Gospel: Luke 2:15-21
Eight days after his birth, Jesus is circumcised according to Jewish law and given the name announced by the angel before his conception.
15When the angels had left them and gone into heaven, the shepherds said to one another, “Let us go now to Bethlehem and see this thing that has taken place, which the Lord has made known to us.” 16So they went with haste and found Mary and Joseph, and the child lying in the manger. 17When they saw this, they made known what had been told them about this child; 18and all who heard it were amazed at what the shepherds told them. 19But Mary treasured all these words and pondered them in her heart. 20The shepherds returned, glorifying and praising God for all they had heard and seen, as it had been told them.
21After eight days had passed, it was time to circumcise the child; and he was called Jesus, the name given by the angel before he was conceived in the womb.
Our daughter is named for two grandmothers. Brian’s grandmother Vivian, who was formative in his upbringing, and my grandmother, Hilda Mae. Having never met his grandmother, and knowing no other Vivians, I knew I liked the name, but when our daughter was born there was no question – I took one look at her and she stared back at me, sizing me up, and I thought, this one looks like a Vivian Mae. I wonder if Mary had similar thoughts, looking down at Jesus in the manger. Does he look like a Jesus?
Well, unless the Angel Gabriel spoke in Latin to the Virgin Mother, he told her to name him “Yeshua,” or “Joshua.” The name Joshua should immediately make you recall the great patriarch, who picked up Moses’ mantle. It was Joshua who finished Moses’ job. It was Joshua who finished the journey of the Exodus. It was Joshua who finally led the Children of Israel into the Promised Land.
The way that the Bible gets from Yeshua to Jesus is a complicated mix of transliteration and translation from Hebrew to Greek to Latin to English, subbing letters where they are needed for whatever new alphabet you need to use. Whatever alphabet you use, the name the baby was given means God saves. Jesus’ birth, life, and death point to God’s character, God saves. Jesus is God’s whole being incarnate – with flesh. Jesus is God with a face and a name. Jesus is the face and name of God. No longer just the I am who I am, and I will be who I will be – that was the name that Moses was given. God assumes the name of action through salvation.
Each of these readings for this day shows something about the character of God, and how God thinks of us. Lowly creature though we are, seemingly bent on selfishness and self-destruction – God’s intention is to save. God wants to bless and keep safe. God will make his face shine on us, show us grace and give us peace. We have been made by God, in his image, a little less than divine – and given a role to play in the management of this world. God is mindful of us – mere mortals – because we are his children. We are a part of the family of God, given a name in our baptism, which both looks like us and is something we can grow into. The name and identity we are given is child of God.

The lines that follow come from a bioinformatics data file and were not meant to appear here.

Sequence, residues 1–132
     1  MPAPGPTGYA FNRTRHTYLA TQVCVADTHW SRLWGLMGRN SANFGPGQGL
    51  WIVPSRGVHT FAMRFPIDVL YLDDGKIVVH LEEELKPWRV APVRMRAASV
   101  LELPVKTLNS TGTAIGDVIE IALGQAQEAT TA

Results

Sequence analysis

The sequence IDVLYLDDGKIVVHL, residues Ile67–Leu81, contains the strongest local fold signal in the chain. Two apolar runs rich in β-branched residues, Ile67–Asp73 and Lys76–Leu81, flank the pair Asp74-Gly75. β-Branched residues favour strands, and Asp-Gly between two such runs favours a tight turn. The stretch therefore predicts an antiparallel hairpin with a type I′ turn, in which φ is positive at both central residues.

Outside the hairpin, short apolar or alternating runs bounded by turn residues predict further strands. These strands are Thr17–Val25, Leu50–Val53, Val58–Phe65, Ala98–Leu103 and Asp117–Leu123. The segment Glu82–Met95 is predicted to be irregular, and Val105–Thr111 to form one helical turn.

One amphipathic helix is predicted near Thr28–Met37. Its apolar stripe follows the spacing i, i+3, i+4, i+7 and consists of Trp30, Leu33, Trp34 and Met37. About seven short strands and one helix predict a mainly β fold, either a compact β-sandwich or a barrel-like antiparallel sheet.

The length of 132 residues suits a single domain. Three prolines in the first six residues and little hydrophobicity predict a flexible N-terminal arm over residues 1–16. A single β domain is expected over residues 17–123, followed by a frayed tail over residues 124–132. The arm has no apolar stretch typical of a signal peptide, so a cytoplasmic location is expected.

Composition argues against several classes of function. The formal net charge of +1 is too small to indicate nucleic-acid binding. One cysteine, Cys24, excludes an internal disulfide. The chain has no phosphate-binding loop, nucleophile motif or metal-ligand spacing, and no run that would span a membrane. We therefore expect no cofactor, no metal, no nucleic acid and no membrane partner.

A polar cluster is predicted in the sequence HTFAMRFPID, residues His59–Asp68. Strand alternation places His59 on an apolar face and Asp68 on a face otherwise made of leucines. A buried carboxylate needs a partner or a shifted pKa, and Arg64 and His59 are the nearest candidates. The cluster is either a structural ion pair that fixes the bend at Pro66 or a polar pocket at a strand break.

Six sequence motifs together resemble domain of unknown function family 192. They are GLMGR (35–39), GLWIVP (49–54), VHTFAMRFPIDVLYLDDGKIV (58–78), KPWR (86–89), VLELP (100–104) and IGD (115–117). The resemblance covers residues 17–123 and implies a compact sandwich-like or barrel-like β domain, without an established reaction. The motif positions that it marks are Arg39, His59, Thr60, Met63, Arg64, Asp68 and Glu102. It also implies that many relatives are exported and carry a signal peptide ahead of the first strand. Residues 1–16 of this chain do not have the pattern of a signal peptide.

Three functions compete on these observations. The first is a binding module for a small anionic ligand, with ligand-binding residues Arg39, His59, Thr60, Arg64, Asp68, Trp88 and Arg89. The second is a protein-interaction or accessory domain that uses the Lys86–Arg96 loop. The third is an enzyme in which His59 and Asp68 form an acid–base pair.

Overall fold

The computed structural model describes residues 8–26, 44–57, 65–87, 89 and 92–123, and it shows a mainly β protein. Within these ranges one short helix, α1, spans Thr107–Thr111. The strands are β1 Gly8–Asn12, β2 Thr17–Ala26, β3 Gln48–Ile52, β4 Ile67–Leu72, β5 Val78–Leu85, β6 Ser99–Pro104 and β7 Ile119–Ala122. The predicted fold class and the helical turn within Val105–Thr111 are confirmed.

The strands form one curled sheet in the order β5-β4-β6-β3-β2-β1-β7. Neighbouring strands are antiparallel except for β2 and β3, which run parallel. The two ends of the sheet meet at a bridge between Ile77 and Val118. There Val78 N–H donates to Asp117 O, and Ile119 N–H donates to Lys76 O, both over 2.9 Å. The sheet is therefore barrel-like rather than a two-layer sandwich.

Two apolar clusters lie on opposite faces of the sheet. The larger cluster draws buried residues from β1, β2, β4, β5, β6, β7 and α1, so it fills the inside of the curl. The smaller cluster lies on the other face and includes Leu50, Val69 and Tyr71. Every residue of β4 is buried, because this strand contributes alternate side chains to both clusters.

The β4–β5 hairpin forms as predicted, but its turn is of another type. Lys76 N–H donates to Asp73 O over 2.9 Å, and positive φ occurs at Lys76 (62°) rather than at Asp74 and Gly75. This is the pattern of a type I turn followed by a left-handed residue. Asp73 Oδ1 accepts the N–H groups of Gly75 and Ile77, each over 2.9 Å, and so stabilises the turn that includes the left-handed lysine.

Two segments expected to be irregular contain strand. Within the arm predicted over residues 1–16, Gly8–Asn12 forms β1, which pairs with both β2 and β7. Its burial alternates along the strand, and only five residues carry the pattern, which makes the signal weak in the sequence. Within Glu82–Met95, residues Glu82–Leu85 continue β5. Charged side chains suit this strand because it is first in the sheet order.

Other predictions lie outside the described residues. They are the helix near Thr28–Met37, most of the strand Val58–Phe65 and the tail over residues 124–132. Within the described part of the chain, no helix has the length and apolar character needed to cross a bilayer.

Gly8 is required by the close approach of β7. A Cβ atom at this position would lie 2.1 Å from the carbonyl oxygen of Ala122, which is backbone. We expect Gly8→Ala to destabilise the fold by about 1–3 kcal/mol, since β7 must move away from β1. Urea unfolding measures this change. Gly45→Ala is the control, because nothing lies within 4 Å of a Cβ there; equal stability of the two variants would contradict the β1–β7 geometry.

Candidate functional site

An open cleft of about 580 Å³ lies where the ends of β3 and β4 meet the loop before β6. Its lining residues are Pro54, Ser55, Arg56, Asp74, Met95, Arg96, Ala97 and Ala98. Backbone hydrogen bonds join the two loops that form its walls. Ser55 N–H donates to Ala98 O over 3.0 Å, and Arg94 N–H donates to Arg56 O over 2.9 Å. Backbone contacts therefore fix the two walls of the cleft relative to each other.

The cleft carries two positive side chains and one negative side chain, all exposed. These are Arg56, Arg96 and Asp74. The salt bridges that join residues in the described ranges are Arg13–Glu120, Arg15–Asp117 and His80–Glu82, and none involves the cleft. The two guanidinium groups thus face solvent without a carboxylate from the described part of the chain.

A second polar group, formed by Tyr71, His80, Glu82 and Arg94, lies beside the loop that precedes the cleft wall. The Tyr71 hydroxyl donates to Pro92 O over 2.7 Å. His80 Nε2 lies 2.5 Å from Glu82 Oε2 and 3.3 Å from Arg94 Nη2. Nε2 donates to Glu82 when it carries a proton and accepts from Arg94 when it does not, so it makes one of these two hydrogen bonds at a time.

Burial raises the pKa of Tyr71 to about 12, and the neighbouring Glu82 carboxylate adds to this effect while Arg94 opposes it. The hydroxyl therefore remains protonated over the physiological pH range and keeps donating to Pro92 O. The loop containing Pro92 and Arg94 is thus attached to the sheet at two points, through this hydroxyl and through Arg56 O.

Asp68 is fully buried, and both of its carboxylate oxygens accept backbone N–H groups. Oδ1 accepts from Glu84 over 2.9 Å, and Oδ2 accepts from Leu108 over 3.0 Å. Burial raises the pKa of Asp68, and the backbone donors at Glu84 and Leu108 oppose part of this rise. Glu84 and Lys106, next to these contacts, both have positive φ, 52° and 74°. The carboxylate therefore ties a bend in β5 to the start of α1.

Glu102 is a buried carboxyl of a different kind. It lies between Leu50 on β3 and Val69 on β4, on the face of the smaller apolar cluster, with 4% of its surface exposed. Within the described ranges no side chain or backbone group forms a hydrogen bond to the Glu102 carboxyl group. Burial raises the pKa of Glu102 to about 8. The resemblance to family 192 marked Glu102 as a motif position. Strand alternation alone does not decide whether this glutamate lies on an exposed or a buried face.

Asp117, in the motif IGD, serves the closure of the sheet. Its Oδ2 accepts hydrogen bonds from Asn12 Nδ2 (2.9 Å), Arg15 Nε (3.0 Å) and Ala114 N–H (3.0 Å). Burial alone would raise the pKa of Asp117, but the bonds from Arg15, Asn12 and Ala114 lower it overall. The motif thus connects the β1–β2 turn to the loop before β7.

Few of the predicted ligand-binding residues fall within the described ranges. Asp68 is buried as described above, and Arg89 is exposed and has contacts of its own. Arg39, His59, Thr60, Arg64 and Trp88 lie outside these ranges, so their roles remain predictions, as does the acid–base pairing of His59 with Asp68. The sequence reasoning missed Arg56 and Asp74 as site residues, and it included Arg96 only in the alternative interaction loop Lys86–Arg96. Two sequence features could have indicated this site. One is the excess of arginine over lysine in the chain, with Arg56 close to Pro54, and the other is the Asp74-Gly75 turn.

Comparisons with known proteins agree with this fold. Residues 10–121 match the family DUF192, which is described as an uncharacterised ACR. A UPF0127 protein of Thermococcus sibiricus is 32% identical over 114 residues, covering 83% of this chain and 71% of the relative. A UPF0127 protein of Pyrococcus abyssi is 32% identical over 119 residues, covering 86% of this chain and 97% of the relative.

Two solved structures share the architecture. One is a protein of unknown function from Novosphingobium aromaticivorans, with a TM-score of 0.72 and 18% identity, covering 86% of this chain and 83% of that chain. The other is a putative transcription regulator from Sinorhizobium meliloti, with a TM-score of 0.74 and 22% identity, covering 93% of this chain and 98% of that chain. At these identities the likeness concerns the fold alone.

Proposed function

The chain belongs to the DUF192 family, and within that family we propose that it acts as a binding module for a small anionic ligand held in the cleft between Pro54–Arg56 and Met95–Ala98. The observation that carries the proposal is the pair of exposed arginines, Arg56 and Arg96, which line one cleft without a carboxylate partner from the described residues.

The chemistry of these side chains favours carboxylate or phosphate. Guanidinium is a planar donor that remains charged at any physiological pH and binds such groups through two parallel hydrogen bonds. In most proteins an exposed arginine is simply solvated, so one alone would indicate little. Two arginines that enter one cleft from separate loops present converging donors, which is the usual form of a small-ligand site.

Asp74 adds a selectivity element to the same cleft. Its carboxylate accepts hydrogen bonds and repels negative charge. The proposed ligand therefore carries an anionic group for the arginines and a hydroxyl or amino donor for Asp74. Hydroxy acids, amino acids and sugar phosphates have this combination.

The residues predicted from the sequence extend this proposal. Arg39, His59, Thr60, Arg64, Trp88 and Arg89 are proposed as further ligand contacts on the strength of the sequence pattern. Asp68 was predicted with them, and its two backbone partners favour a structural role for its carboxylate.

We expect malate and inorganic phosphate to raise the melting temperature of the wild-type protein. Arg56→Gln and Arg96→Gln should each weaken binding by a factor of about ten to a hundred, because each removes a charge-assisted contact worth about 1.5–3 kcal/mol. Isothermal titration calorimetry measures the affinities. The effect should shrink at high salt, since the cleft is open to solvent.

All throughout scripture – name and identity are important – both tied to family and community – as well as vocation and purpose. In the book of Genesis – God names Adam, and then has him give names to all creatures. In Exodus, Moses learns God’s name. But names can also change – to reflect new things that God is doing with them and for them. Abram becomes Abraham and Sarai becomes Sarah. Jacob becomes Israel, the one who struggles with God. In the New Testament, and Simon becomes Peter, the Rock upon which the Church is built, and Saul becomes Paul.
In Paul’s letter to the Philippians, he writes that the Holy Name of Jesus is the “name above all names.” “So that at the name of Jesus every knee should bend, in heaven and on earth and under the earth, and every tongue should confess that Jesus Christ is Lord, to the glory of God the Father”.
Pastor Anna Tew, reflects in her blog from 2016 and writes, “When I was a child growing up in the rural South, the name of Jesus was often used almost like an incantation. Jesus had the mightiest name, the most powerful name, the strongest name. Given this human tendency to emphasize power, Jesus should have been born and named as a prince in a royal ceremony. If our faith is meant to be the dominant, powerful one, our God should have been a high-born, noble-born child. But we find Jesus today in the Gospel passage born in a stable, with no one but his parents and some low-born shepherds to celebrate and spread news of his birth. He’s born poor to young parents, named on the eighth day like every other Jewish boy, and becomes a refugee in Egypt at a young age. But we are also told that he is named by an angel before he is conceived. We are also told that angels announce his birth to the shepherds. This ordinary poor boy is also holy — our God has become flesh and lived among us, not as a king, but as a carpenter’s son. From those beginnings, Jesus, whose holy name simply means “to save,” lives as God-made-flesh who is not so much interested in dominance as in making the ordinary holy.”
In our baptism, we are not given worldly power – dominance – or glory. But we are made holy, identified as God’s children, for God’s delight, bearers and receivers of divine attention and love. And despite our desire for self-improvement on New Year’s Day, the new year begins with the blessing. A benediction. A promise that originates long before us, during a wilderness journey – God puts his name on his people.
In Jesus, God Comes to us, again and again. Target and Walmart have already moved on to Valentine’s Day. But the joy of Christmas is here for us to ponder still. The love of God has come to dwell among us.